Plenty of statistics point to the need for new office construction in Manhattan, and the city’s aging building stock isn’t least among them.
Indeed, no meaningful addition to the city’s roughly 400 million square feet of commercial space has been added to the skyline in two decades, raising questions as to whether it could face a shortage in the coming years, a situation that has pressured rental spikes in the past. For now, however, amid what appears to be at least a hiccup in leasing during the last quarter of 2011 and the opening quarter of this year—not to mention lingering concerns about the health of the economy—only the most intrepid developers have gone into the ground with projects.
Uncertain demand and other hurdles that developers must negotiate to build, including securing a site in a city where prime development parcels are both difficult and expensive to acquire, only partly explain the dearth of construction.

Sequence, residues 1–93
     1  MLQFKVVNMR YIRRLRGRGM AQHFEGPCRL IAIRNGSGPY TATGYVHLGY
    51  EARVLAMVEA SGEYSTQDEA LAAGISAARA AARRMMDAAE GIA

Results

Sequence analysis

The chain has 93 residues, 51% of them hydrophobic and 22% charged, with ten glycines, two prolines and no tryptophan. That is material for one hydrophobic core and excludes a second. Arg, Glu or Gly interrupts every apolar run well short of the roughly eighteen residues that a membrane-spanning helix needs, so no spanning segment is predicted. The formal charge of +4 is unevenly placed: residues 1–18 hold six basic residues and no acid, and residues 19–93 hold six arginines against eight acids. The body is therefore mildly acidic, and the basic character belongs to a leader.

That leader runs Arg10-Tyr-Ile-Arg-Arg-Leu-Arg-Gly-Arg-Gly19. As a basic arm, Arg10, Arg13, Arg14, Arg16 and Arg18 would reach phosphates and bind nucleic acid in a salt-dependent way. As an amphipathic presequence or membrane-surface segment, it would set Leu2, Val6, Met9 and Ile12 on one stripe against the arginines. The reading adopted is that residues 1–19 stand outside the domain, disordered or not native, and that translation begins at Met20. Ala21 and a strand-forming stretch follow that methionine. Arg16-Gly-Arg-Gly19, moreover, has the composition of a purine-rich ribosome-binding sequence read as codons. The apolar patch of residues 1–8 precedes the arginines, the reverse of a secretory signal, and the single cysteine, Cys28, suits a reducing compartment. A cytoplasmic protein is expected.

In the wake of tightened lending standards, construction financing remains hard to secure, and for developers who are able to source loans, the terms have shifted in a way that places far more of a project’s risk on their shoulders.
“We’re finding that for the right projects and sponsorship, there are lenders in the market who are willing to provide financing,” said Charles Bendit, a principal at Taconic Investment Partners LLC, a real estate investment and development firm that has built a number of buildings despite the challenging lending conditions in recent years, including the boutique office building at 15 Little West 12th Street. Mr. Bendit and Paul Pariser, another principal at Taconic, are in the process of starting 837 Washington Street, a roughly 55,000-square-foot office and retail property that, like 15 Little West 12th, is located in the trendy meatpacking district and will be built on speculation.
But Mr. Bendit pointed out that even developers like himself and Mr. Pariser, who have an impressive track record, have to front as much as 45 percent of the cost of a new building to secure financing, a far higher equity requirement than in the years before the recession hit.
“It used to be that you could get construction financing for 75 percent of a project’s cost,” Mr. Bendit said.